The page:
Rare alligator snapping turtle weighs more than 120 pounds

An alligator snapping turtle weighing more than 120 pounds and estimated to be more than 100 years old is now on display at the Kansas Department of Wildlife and Parks Pratt Education Center, 2 miles east and 1 mile south of Pratt. The massive reptile was given to the education center by Travis Taggart, associate curator of herpetology at the Sternberg Museum of Natural History in Hays.

Taggart obtained the large male turtle and a smaller female from Kelly Irwin, state herpetologist for Arkansas. The turtles were part of a confiscation of approximately 400 animals from a turtle breeder that failed to comply with Arkansas state regulations. It had been housed at the Sternberg for approximately one year prior to its arrival in Pratt but was not on public display.

Alligator snapping turtles are on the Kansas Species in need of Conservation (SINC) list, with only 12 verifiable recordings in the state. These recordings were all from southeast Kansas and were confined to the Neosho, Verdigris, Walnut, and Arkansas River basins. Alligator snappers are not known to breed in Kansas, and individuals found in the state are considered transient. They favor river habitat with overhead, shaded canopy, lots of tree limb and leaf litter, a muddy bottom, and substantial pools.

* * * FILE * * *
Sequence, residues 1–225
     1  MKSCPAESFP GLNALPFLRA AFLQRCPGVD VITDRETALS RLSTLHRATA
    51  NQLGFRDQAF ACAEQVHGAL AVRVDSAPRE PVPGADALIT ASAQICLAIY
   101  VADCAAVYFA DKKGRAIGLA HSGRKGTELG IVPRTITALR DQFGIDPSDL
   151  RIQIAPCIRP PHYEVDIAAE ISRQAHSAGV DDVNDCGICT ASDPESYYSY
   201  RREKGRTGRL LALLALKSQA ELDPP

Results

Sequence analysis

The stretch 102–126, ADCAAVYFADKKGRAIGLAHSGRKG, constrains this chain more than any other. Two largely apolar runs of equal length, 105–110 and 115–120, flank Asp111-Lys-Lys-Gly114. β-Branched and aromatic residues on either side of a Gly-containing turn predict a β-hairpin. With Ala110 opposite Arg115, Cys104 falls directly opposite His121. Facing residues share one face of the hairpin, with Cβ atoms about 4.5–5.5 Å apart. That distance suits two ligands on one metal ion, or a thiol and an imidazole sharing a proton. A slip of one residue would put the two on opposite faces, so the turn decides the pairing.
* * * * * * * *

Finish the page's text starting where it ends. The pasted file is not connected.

The largest specimen from Kansas came from Lyon County in 1967 and had a carapace (upper shell) length of 22 inches. A 59-pound female was found in Montgomery County in 1986. Alligator snappers can grow to tremendous size; the largest known weighed 318 pounds and was caught in Georgia in 1978. There is a 236-pound alligator snapper in captivity at a Chicago zoo.

The alligator snapping turtle on display at the Pratt Education Center is located in an enclosure next to a large common snapping turtle. The common snapper weighed 46 pounds when caught in 2006, making it the largest ever recorded in Kansas. Common snapping turtles can weigh as much as 75 pounds.

The two species can be distinguished by differences in the carapace, which is relatively smooth on the common snapper while the alligator snapper's carapace has three high-ridged rows. There are also differences in head size and shape. Alligator snappers have massive heads, with a large overbite in the form of a hooked beak and somewhat star-shaped eyes. Alligator snappers also have a special adaptation that helps trap prey. A small worm-shaped appendage located on the bottom of the mouth wriggles and draws fish into its waiting open mouth. These differences are readily apparent when observed side-by-side in the displays.

The Pratt Education Center is open to the public from 8 a.m. until 5 p.m. Monday through Friday, with limited Saturday hours in summer.